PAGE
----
Table 3. Response Time of Ambulance Operation in Each Distance of Operation

a Statistically significant.

Figure 5. Response Time of Ambulances and Criteria-Based Dispatch Level in 0-5km.

Figure 6. Response Time of Ambulances and Criteria-Based Dispatch Level in 5-10km.

Discussion

This study aimed to analyze and compare the appropriate distance and EMS operation time for a motorcycle ambulance and compare it with that of a van ambulance operation. In a previous study, the motorcycle ambulance was shown to be useful in reaching emergency patients quickly, especially in large cities with traffic problems. However, ambulance crashes tend to be higher, and injuries sustained from the traffic accidents more severe. Therefore, a clear course of action must be established by selecting the appropriate operating time and distance, which are the objectives of this study.

In this study, the number of emergency patients operating in the EMS with criteria-based dispatch level by phone showed that urgent patients (yellow) and non-urgent patients (green) had the highest population, consistent with previous studies. Reference Holzinger, Oslislo, Resendiz Cantu, Möckel and Heintze21,Reference Blodgett, Robertson, Pennington, Ratcliffe and Rockwood22

In terms of operation time, motorcycle ambulances were found to reach patients quickly between 6:00am-9:00am and 3:00pm-6:00pm. Both periods are considered rush hours due to students traveling to and from school and employees traveling to and from work, resulting in the sharp rise in the number of vehicles on the road and frequent traffic jams. Reference Zhang, Jia and Wang23 This causes serious delays in reaching the patient, so motorcycle ambulances play an important role in gaining more immediate access during that time. There are also cultural dimensions at play. In Thai society, most parents tend to travel to pick up and drop off the students at school regularly, in contrast with the Western countries in which students travel to and from school on their own. Reference Fahey, van Rensburg and Ganguly24,Reference Moosavi25

In addition, in a closer examination of the relationship between operation time and criteria-based dispatch level, it was found that motorcycle ambulances can reach patients with resuscitated level (red) from 6:00am-9:00am and 3:00pm-6:00pm faster than traditional van ambulances. This may be due to EMS personnel being trained to respond quickly in this type of patients; the example of patients categorized as red following criteria-based dispatch in this study were unresponsive patients, seizure, respiratory distress, shock, air-way obstruction, or major trauma, all which need immediate treatment. The standard operating criteria in unresponsive patients is to reach the AED as soon as possible. When the EMS crews are ordered to respond to unresponsive patients, EMS crews usually respond immediately to rapidly attach AED to those patients. Thus, the motorcycle equipped with AED has an advantage in this point. This was consistent with previous studies that focused on timing of access to defibrillators in patients with out-of-hospital cardiac arrest correlated with the survival rate. Reference Ruan, Sun and Li26Reference Huang, Lee, Ho, Tsai, Wu and Cheng28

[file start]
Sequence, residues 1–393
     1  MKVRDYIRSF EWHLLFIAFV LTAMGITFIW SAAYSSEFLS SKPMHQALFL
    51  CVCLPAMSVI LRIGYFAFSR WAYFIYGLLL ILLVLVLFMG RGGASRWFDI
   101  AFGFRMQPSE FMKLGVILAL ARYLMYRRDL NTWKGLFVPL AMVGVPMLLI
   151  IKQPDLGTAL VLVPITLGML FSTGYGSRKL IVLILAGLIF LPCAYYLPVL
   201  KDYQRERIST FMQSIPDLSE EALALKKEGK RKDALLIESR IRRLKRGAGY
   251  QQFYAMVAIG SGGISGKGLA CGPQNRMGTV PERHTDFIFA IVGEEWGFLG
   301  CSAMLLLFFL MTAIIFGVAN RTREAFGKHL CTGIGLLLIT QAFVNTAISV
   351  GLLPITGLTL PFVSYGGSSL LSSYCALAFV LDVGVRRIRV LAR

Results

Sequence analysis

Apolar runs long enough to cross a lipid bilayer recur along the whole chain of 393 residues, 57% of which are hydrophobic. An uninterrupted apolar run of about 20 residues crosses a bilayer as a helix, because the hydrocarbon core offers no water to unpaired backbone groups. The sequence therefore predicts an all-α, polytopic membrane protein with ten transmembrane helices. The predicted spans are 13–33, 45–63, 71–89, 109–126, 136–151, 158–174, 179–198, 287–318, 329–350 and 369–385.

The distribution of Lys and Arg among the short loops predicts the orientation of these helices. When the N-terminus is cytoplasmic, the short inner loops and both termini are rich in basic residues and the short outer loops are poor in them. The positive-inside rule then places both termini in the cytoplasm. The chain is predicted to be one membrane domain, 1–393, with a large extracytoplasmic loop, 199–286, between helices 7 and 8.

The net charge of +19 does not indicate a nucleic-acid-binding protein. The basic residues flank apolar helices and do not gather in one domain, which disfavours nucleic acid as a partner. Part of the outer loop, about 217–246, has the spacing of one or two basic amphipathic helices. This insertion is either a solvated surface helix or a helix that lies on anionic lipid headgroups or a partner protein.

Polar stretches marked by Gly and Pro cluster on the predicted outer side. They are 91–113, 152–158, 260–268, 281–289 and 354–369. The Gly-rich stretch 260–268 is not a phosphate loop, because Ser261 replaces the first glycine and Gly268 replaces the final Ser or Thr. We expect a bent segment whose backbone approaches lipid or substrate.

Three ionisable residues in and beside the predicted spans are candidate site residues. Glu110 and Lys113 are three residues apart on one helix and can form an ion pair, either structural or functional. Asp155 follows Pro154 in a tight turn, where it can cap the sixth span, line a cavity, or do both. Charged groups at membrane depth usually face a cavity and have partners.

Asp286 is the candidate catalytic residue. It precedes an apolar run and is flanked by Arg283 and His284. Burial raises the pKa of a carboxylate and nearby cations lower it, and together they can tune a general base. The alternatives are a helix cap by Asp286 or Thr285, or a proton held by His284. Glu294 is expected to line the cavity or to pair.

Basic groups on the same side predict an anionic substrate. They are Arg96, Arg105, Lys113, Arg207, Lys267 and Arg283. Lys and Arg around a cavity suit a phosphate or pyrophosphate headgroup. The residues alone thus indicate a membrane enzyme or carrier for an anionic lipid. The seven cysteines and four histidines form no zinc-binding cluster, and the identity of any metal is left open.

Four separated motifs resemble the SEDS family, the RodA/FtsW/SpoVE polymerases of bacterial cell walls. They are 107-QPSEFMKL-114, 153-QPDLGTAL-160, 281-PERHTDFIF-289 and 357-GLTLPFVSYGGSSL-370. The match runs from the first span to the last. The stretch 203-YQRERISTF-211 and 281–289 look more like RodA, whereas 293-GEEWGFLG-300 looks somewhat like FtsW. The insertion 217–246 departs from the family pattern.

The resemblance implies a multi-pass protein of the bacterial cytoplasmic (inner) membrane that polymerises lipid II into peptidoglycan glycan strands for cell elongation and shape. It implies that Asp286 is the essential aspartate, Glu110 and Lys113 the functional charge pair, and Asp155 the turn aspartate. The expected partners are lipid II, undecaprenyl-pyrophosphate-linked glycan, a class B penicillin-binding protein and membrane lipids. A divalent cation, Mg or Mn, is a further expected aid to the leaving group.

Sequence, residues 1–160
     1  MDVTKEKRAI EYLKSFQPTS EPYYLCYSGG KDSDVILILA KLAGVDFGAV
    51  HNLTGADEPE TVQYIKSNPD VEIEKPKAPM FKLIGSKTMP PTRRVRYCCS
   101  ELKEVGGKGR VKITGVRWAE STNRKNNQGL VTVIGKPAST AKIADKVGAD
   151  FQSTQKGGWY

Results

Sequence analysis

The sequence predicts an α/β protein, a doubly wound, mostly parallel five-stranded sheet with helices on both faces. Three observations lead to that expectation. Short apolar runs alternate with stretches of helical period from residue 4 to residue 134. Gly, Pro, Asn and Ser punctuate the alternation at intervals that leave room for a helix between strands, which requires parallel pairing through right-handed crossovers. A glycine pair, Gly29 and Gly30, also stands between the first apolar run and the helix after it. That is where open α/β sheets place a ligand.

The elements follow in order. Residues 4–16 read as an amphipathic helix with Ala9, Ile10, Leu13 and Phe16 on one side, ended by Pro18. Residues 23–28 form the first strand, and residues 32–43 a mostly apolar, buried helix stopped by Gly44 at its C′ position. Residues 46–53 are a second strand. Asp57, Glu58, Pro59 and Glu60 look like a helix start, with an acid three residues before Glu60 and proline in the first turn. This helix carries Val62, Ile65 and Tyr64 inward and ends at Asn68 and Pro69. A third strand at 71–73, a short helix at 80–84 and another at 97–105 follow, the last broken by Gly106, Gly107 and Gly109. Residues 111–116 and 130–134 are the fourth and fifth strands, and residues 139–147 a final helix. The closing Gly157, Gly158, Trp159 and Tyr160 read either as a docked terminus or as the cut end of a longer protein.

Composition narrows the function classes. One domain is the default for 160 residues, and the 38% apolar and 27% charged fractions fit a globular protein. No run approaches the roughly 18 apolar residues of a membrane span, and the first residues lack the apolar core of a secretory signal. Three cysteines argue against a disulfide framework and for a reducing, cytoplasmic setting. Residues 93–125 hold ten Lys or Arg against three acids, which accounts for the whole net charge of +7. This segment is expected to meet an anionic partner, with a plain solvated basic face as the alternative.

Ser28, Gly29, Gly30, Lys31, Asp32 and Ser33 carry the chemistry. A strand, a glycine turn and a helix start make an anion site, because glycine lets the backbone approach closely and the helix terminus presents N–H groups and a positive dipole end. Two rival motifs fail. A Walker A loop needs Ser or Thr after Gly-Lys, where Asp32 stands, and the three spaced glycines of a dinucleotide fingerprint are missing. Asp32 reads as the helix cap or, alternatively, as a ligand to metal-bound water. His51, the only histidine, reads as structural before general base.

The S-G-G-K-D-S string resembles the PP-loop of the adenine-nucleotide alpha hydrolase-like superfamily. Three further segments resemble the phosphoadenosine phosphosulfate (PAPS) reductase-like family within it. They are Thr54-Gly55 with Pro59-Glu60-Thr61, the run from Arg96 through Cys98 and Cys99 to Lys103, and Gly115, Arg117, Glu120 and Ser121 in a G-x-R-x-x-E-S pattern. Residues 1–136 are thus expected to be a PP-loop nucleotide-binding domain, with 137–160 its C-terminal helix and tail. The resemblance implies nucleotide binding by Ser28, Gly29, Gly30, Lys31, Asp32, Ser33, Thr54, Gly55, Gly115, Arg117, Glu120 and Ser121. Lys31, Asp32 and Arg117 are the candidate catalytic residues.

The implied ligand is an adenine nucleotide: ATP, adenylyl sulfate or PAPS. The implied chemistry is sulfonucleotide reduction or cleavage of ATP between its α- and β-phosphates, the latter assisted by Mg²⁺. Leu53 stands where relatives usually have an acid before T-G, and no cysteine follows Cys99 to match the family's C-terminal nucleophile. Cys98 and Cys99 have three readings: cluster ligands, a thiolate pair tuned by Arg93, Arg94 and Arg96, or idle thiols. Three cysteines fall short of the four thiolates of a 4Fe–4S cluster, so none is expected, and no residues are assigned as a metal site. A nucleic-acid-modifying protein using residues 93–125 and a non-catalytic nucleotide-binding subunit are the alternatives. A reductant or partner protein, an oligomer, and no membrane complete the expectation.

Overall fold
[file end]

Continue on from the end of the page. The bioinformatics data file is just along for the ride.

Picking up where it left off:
In terms of operating distance, it was found that motorcycle ambulances can reach patients faster than a traditional ambulance at distances below 10 kilometers. The reason for this is because a motorcycle ambulance can en route faster than a van. In addition, only one or two personnel on a motorcycle ambulance are required. This is different from the number of personnel operating on van ambulances, which require at least three personnel. Reference Apiratwarakul, Suzuki and Celebi2,Reference Apiratwarakul, Tiamkao, Cheung, Celebi, Suzuki and Ienghong7 Therefore, the time to start with a motorcycle is quicker. Another reason is the geography around the hospital in a 10-kilometer range. Most of these areas are roads with a small traffic surface, or an alley, making access by motorcycle possible, but not for a van, as it is highly maneuverable in confined spaces. In the distance range of more than 10km, it was found that motorcycle access takes longer than van ambulance access. This is due to the maximum speed of both vehicles and the road surface has four large traffic lanes. This allows a traditional ambulance to be able to use a higher speed than a motorcycle. Reference Duy, Duc and Van29

In terms of the relationship between operating distance and criteria-based dispatch level, it was found that at less than five kilometers, motorcycles will reach patients faster than vans in all levels of severity (red, yellow, and green). This was due to the distance from the hospital to the patient being remarkably close and being able to operate faster than a van. Therefore, with patients triaged at any level, emergency motorcycles have a faster reach, and thus are a better choice in time-sensitive scenarios. Reference Apiratwarakul, Ienghong, Mitsungnern, Kotruchin, Phungoen and Bhudhisawasdi30,Reference Ienghong, Cheung, Tiamkao, Bhudhisawasdi and Apiratwarakul31